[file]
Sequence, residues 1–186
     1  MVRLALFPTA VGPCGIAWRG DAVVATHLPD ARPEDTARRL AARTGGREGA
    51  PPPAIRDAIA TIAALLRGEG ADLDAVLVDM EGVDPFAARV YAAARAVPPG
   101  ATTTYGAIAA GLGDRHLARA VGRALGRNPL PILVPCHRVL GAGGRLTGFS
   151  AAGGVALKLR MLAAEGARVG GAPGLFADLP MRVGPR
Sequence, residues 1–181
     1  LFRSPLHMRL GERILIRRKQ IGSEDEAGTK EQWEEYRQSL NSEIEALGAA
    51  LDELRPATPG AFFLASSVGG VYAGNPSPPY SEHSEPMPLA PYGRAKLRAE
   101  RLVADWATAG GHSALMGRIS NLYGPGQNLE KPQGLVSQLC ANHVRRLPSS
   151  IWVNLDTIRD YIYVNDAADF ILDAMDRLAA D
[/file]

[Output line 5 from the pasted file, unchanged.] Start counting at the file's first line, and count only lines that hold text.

   151  AAGGVALKLR MLAAEGARVG GAPGLFADLP MRVGPR